Plenty of change is in store for a two-block stretch of West 23rd Street, where one cinema has closed, another could close soon and two eateries have been closed.
After a five-year search, the School of Visual Arts has finally found itself a venue at the recently shuttered Chelsea West Cinemas at 333 West 23rd Street, between Eighth and Ninth avenues. The 20,000-square-foot space will be used for lectures, class meetings, film screenings and other public events, said Michael Grant, the school’s assistant director of communications.
The school signed a 26-year lease at Clearview Cinemas’ two-screen theater, which has auditoriums with 550 and 350 seats.
“We want it to be a real destination,” Grant said, noting that the school plans to announce soon that it will host live programming open to the public.
The school, which has about 4,000 undergraduate and graduate students, has taken occupancy and plans on running a limited number of movies in the spring, before renovations commence in the summer. Designer and SVA Acting Chairman Milton Glaser, who created the graphic and decorative programs for World Trade Center’s restaurants, will design the building’s interior and exterior. The fully-renovated building will have a new name, the Visual Arts Theater, and will re-open in the fall.
SVA has had to make do for the last several years by renting off-campus sites, such as the Loews Kips Bay 15 movie theater at 570 Second Avenue and the New York Directors Guild Theater at 110 West 57th Street. The school needed a space large enough to accommodate big events, including meetings for the school’s 500-person administrative staff. The largest classroom at the school can fit up to 200 people.
Chelsea West Cinemas, which opened as the single-screen Rko 23rd Street in 1963, closed in mid-January. The theater is just one block away from its busier, Clearview sister theater, Chelsea Cinemas at 260 West 23rd Street, between Seventh and Eighth avenues.
That theater could also close soon. A hotelier is in contract to buy the nine-screen cinema, according to Faith Hope Consolo, chairman of the retail leasing and sales division at Prudential Douglas Elliman, who is working with the hotelier. (Note: Correction appended)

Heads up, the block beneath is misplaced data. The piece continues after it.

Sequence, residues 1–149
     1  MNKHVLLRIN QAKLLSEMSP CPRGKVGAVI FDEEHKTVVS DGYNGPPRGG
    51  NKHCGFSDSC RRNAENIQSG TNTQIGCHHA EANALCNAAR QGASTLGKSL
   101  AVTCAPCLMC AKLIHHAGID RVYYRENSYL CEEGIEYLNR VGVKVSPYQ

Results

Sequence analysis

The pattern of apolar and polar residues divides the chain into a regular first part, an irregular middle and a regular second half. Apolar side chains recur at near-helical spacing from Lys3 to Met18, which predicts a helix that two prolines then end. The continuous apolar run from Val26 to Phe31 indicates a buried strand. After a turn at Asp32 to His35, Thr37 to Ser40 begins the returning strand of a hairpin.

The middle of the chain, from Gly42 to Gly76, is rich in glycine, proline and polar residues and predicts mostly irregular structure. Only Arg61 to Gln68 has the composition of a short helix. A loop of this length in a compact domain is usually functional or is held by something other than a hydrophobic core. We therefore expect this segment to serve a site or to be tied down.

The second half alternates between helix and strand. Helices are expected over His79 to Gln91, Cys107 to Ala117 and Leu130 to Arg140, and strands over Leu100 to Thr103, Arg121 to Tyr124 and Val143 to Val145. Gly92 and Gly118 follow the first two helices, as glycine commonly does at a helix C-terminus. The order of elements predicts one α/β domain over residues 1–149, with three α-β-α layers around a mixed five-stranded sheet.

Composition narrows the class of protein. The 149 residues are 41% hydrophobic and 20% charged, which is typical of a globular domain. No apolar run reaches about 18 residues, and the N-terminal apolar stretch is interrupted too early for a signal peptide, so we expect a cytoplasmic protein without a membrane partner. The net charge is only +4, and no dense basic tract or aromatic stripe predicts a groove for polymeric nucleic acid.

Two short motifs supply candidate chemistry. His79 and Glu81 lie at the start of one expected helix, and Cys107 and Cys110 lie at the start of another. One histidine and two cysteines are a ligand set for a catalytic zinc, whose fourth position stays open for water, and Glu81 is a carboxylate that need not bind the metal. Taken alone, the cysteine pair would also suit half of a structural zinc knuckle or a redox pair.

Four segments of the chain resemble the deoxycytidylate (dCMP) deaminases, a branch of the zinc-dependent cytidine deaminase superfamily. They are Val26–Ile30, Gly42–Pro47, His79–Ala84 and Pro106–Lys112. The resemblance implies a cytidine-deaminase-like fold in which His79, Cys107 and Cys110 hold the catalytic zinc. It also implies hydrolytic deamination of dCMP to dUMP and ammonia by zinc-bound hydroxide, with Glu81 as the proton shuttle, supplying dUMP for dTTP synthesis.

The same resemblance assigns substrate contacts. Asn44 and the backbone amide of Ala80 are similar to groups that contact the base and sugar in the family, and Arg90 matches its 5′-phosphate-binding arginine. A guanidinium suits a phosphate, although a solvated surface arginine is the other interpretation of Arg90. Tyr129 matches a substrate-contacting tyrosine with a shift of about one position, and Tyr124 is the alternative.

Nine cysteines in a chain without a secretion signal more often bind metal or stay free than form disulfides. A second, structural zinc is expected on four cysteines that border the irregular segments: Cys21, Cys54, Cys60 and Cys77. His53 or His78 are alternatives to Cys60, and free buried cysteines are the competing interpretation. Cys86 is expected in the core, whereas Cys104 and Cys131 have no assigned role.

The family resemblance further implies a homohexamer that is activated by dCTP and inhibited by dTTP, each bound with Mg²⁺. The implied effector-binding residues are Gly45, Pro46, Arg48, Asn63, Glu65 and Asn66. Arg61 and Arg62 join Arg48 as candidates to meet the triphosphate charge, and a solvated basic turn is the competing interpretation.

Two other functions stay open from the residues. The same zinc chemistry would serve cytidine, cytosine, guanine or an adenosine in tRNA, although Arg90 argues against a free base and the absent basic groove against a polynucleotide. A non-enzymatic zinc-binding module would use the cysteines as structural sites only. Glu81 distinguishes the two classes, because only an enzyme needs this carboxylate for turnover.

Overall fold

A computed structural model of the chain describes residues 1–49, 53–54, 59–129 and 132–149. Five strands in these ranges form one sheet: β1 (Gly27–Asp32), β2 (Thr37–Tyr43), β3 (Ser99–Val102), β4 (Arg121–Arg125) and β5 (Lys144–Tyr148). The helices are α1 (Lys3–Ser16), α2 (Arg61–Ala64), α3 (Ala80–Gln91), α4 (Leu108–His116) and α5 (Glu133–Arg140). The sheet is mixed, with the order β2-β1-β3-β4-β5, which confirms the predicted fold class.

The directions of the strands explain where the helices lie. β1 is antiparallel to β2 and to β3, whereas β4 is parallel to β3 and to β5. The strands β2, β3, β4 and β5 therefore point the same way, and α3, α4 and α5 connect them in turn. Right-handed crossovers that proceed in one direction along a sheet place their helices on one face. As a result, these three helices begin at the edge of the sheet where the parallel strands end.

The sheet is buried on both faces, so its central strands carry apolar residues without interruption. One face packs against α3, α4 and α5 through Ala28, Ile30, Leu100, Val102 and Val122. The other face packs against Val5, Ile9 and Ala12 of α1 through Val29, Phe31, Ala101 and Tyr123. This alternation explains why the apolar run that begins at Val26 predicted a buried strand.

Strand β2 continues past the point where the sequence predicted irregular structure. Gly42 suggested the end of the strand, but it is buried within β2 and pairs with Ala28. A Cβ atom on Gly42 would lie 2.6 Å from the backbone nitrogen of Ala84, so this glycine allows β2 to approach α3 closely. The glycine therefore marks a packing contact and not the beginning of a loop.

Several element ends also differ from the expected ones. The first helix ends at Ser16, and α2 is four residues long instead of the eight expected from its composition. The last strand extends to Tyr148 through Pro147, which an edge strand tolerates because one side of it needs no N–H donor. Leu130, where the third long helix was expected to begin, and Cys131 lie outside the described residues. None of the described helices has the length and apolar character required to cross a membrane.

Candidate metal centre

Consolo would not reveal the identity of the developer or the asking price for the space, which is owned by Mutual Redevelopment Houses Inc. She said her client is interested in building a boutique hotel of up to 10 stories, hoping to capitalize on the gallery-going crowd.
Clearview’s spokeswoman, Beth Simpson, said Chelsea Cinemas was “not for sale,” and Clearview has “an iron-clad lease.” The company, she added, has “invested a significant amount of money” in the theater.
West 23rd Street has “kind of stayed the same” while other “areas have developed,” said Robin Abrams, an executive vice president and one of the principals at the Lansco Corporation.
“It’s a strange corridor,” she added.
Both a Ben & Jerry’s and a Burgers & Cupcakes between Seventh and Eighth avenues have recently closed.
Kenneth Rosenblum, a co-owner of Standard Realty Associates and the landlord of 265 West 23rd Street, the two-story building that housed Burgers & Cupcakes on the first floor, said that he has received inquiries about the 1,900-square-foot space. Rosenblum is asking $125 a square foot for the space.
Larger, full-service Restaurants On West 23rd Street like barbecue joints Dallas BBQ and Rub, both near Eighth Avenue, and chain restaurant Outback Steakhouse, east of Sixth Avenue, appear successful, brokers say.